1990s: SSIT and ISTAS
The first conference to be called the International Symposium on Technology and Society was held at the Ryerson Polytechnic Institute in Toronto, Canada, on June 21-22, 1991. Subtitled "Preparing for a Sustainable Society," it was chaired by SSIT member Walter Zessner. Two years later, SSIT president Christine Nielsen led efforts to organize a second ISTAS in 1993, which was chaired by Bill Kelly and held at George Washington University in Washington, DC. After the third ISTAS, held at Princeton University's Woodrow Wilson School of Public and International Affairs on June 21 and 22, 1996, the conference became an annual event .
ISTAS has since become one of SSIT's most important ongoing activities. Typical attendance figures range from 40 to over 100, and the conference has been held at a wide variety of venues both in the U. S. and abroad. Table III lists the dates and locations of all ISTAS conferences to date.
The University of Strathclyde, founded in 1796, was the site of one of the most colorful meetings so far: ISTAS 1997. Joe Herkert remembers the rather Spartan room accommodations in what was evidently an aged dormitory. But these were more than outweighed by the elegant meeting facilities and an official greeting by the Lord Mayor of Glasgow. The Mayor, dressed in historic regalia, treated attendees to an elaborate reception in the municipal hall—the first building in Scotland to be illuminated with electric light.
As we have seen, Mal Benjamin and Steve Unger were inspired by Victor Paschkis' example to create an organization within IEEE concerned with social implications. Around 1989, Ron Kline was nominated by a Cornell colleague of his, Terry Fine, who was then President of the IEEE Information Theory Society, to be that Society's representative to the SSIT Adcom. Kline made the trip from Ithaca to New York City where the Adcom meetings were held, met Steve Unger and his colleagues, and ended up as SSIT President himself only a couple of years later. At about the same time, Joe Herkert was teaching at Lafayette College in Easton, PA. Herkert, whose background included both a B.S.E.E. degree and a D.Sc. in engineering and policy, had joined SSIT earlier and invited Unger to speak about engineering ethics at Lafayette. While there, Unger invited Herkert to attend an SSIT Adcom meeting. Herkert showed up for the first time at the December 1990 meeting and left as chair of the Publications Committee. Brian O'Connell, who has been active in many SSIT roles including a 2004-2005 term as President, first met SSIT leaders at the 1996 ISTAS conference held in Princeton. He was favorably impressed by the fact that people with a variety of different backgrounds were "actually talking about . . . technology and ethics and social implications in the same breath, which was just tremendous." As a new faculty member with little reputation, he had doubts about how he would be received. O'Connell continues, "I went down to dinner, just expecting to be eating alone, and a guy comes up to me and remembers me from the conference ... So we started talking and sharing some ideas. His name was Joe Herkert. We had dinner together and spent a great deal of time talking about the same stuff." Fortunately, the subject of baseball didn't come up, because if it had, one of the great SSIT friendships might have been nipped in the bud.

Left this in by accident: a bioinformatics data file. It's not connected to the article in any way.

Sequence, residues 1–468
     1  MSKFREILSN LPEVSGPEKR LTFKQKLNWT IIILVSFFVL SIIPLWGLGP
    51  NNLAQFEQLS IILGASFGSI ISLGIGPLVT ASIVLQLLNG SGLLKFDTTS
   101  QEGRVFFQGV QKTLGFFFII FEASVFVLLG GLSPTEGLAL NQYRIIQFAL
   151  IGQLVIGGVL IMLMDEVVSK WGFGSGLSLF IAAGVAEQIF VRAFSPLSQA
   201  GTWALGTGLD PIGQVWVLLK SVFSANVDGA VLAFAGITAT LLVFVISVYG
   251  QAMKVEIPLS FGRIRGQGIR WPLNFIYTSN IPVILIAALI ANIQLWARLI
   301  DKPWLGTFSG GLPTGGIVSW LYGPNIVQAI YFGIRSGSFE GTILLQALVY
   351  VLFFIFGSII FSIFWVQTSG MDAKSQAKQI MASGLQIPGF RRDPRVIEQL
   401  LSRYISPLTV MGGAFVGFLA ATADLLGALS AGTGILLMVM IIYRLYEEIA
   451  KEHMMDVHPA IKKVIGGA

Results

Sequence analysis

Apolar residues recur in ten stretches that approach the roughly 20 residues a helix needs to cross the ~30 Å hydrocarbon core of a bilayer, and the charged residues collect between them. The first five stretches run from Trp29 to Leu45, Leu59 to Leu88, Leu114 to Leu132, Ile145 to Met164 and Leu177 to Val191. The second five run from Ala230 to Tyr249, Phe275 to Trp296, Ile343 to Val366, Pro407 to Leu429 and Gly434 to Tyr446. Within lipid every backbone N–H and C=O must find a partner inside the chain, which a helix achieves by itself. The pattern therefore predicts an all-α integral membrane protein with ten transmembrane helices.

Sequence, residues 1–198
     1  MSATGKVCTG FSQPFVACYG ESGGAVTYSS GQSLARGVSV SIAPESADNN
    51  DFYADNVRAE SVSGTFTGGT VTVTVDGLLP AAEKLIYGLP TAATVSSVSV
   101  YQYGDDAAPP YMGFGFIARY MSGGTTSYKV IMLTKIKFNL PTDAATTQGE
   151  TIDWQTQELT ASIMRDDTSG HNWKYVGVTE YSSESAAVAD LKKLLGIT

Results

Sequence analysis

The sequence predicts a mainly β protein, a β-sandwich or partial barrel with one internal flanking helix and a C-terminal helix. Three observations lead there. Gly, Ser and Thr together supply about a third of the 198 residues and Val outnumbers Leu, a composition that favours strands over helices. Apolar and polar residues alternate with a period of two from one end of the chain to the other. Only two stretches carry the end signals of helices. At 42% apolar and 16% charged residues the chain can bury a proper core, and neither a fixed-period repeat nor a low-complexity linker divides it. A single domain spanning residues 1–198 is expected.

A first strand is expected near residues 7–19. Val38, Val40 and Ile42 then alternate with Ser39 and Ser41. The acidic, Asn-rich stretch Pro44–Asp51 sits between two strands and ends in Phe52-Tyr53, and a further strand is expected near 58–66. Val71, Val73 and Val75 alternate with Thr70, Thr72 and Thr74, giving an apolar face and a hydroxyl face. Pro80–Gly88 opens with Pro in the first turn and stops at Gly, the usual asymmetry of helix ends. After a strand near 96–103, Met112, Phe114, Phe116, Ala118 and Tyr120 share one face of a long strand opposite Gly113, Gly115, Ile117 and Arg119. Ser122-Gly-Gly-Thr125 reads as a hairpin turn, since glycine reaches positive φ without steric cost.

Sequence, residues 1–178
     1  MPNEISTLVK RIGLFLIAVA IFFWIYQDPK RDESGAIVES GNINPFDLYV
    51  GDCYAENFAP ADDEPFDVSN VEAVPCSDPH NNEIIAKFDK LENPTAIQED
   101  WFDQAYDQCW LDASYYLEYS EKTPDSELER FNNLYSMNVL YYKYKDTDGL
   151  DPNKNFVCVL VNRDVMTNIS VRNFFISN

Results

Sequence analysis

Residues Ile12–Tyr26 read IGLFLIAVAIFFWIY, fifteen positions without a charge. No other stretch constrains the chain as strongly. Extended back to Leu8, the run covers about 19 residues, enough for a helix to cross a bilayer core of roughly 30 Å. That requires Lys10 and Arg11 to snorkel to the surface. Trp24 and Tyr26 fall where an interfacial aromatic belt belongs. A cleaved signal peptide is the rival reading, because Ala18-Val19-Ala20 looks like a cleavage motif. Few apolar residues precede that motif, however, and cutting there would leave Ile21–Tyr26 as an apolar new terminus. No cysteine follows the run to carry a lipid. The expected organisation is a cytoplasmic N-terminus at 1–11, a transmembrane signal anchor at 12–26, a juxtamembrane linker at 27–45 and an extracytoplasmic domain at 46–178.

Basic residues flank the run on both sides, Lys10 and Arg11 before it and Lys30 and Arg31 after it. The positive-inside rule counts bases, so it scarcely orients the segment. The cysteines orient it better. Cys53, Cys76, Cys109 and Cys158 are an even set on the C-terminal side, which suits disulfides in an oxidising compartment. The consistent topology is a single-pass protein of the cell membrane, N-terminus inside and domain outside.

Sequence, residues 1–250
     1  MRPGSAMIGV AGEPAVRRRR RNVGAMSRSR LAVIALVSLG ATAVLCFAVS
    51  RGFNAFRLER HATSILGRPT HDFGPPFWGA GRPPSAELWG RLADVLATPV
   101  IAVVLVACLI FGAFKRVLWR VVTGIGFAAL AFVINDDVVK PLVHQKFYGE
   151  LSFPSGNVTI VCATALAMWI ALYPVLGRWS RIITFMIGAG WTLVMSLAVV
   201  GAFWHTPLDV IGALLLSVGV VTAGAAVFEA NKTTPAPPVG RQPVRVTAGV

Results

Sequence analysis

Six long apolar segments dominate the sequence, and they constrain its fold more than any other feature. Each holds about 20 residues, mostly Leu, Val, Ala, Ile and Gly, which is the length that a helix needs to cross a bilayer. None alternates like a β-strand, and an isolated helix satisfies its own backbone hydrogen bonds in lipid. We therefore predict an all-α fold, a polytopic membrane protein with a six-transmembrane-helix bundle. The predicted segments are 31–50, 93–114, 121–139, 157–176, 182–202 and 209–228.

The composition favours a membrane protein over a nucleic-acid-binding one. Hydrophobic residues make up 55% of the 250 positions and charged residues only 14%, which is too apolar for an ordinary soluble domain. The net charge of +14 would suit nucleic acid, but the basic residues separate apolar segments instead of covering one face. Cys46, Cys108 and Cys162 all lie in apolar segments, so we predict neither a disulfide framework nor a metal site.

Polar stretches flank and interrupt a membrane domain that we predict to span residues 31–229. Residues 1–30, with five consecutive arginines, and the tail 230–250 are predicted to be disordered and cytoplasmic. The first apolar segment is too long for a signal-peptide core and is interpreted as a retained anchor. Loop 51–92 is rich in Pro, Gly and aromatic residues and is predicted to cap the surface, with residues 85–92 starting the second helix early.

Clinton Andrews, SSIT President from 2002 to 2003, has a background in mechanical engineering as well as technology and policy. In 1995, while teaching at Princeton University, Andrews learned that SSIT Adcom meetings were held just a few miles away in New York. He attended one and was so favorably impressed by this "interesting and slightly wacky group" that he allowed himself to be talked into hosting ISTAS 1996 at Princeton.
Janet Rochester, currently SSIT Vice-President, was an SSIT member when IEEE Division Six director Merrill Buckley asked her to be that Division's representative to SSIT's Adcom. She liked it so much that she later ran successfully for a position on the Adcom and has made important contributions since, especially where the interests of women in engineering are concerned.
The point of these tales is not so much to emphasize that anyone showing up for the first time at a board meeting is likely to leave as chair of a committee — although that has happened — as to reveal some of the personal connections among those who later became leaders in the organization. While networks like these are the way most volunteer organizations carry on, the relatively small size of SSIT means that it is easy to become acquainted with the leadership on short notice.
SSIT Since 2000